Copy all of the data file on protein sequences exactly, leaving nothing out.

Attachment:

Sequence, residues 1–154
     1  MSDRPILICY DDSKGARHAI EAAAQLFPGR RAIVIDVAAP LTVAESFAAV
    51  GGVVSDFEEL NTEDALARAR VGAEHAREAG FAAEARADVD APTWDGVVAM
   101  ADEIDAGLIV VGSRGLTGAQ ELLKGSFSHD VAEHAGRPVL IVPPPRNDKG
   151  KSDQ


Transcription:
Sequence, residues 1–154
     1  MSDRPILICY DDSKGARHAI EAAAQLFPGR RAIVIDVAAP LTVAESFAAV
    51  GGVVSDFEEL NTEDALARAR VGAEHAREAG FAAEARADVD APTWDGVVAM
   101  ADEIDAGLIV VGSRGLTGAQ ELLKGSFSHD VAEHAGRPVL IVPPPRNDKG
   151  KSDQ